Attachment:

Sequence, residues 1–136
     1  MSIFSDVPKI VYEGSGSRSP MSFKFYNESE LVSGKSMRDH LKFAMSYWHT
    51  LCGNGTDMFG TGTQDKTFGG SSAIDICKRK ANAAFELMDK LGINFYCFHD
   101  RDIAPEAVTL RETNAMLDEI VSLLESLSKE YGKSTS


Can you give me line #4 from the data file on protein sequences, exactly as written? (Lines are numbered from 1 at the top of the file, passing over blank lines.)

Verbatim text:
   101  RDIAPEAVTL RETNAMLDEI VSLLESLSKE YGKSTS